The Procreate app for iPad is not just the killer mobile app for artists—it’s genuinely one of the best painting programs ever released.
So What Is the Procreate App?
In this A to Z of Procreate, I’m going to answer that question with 26 mini Procreate tutorials, as well as Procreate tips and tricks that will demonstrate why it’s so popular among digital artists today.
What You Will Learn
Among the things you’ll learn are:
- How to add new brushes in Procreate
- How to install new fonts and style text
- How to blend and erase while maintaining texture
- How to change opacity in Procreate
- Tricks for working with palettes and colors
And if you’d rather watch than read, check out the video version on our Envato Tuts+ YouTube Channel:
A is for Add New Brushes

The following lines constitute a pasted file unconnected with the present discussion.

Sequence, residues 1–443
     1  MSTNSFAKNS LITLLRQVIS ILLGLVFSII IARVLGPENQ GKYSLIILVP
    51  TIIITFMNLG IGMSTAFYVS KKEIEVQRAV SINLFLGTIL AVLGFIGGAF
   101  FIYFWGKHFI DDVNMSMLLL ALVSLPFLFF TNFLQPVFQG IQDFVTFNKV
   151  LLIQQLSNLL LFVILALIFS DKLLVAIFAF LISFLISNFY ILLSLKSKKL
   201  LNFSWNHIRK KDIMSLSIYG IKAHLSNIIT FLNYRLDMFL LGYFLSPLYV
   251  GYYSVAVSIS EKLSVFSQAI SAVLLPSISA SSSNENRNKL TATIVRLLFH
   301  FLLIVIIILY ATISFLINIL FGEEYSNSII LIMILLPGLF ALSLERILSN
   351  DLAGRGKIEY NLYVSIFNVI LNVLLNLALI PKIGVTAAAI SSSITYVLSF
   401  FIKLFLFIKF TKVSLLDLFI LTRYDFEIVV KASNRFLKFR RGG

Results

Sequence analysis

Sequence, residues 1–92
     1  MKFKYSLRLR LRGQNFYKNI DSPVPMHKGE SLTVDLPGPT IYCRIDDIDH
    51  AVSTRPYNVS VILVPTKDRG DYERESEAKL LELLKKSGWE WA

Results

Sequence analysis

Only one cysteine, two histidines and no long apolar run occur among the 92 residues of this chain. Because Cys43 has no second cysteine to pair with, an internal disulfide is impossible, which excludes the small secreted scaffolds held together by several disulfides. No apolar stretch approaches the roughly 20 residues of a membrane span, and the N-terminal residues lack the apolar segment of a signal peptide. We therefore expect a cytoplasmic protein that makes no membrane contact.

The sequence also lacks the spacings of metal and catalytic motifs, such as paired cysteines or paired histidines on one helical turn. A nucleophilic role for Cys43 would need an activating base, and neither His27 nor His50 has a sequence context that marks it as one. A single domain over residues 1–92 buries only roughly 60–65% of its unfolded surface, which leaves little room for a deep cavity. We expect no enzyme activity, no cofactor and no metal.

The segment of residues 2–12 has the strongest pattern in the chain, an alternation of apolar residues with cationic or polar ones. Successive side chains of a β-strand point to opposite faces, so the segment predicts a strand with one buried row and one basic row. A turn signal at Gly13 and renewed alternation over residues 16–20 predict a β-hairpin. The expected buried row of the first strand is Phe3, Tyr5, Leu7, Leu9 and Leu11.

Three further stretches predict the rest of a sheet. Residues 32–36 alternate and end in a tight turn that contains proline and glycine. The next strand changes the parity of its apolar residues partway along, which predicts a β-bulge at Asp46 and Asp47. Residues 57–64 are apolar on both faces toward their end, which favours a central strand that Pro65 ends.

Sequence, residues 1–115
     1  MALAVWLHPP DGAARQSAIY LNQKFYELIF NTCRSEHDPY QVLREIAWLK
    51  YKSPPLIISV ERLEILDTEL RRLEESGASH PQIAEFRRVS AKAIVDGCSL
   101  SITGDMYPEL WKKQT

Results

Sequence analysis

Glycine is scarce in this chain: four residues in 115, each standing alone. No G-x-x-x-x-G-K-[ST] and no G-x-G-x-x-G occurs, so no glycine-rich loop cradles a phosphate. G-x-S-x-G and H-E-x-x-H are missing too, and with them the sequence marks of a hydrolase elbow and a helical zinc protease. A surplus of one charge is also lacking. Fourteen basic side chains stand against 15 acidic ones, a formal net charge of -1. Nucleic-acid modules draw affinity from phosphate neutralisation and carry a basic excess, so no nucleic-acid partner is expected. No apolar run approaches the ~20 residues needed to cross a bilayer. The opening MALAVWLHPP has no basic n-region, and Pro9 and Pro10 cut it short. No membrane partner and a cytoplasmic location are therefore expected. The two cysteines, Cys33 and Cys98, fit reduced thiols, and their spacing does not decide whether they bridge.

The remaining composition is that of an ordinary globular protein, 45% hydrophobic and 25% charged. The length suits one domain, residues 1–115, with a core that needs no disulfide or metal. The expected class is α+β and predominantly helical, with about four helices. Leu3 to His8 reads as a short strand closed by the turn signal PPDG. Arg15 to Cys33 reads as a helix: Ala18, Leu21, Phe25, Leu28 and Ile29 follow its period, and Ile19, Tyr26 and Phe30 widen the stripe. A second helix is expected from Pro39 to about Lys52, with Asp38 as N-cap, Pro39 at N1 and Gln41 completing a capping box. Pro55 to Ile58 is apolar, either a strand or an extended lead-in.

You can add new Procreate brushes to the default collection by opening the Brush panel and tapping the “+” button:
Then tap the Import button:
Browse for and select a compatible brush pack:
You’ll then see the brush pack appear in the Brush panel:
You can find over 150 of the best Procreate brush packs in the dedicated Procreate section at Envato Elements.
B is for Blending Modes
Procreate has 26 different blending modes you can apply to layers.
By default, a layer’s blending mode will be set to “Normal”, as indicated by the letter N to the right of the layer name:
To change to a different blending mode, tap that letter N and a list of all available blending modes will expand for you to choose from:
Image source: https://elements.envato.com/towels-background-TPCAHTH
C is for Changing Opacity
It’s not immediately obvious how to change opacity in Procreate, but it’s easy once you know how. There are two ways to get there.
The first is to open the Layers panel and tap on the blending mode indicator. Once you do that, a space will open up showing an opacity slider at the top:
Alternatively, you can two-finger tap on the layer and an opacity indicator will appear along the top of the canvas. Slide your finger to the left on the canvas to decrease opacity and to the right to increase it:
D is for Drag & Drop to Fill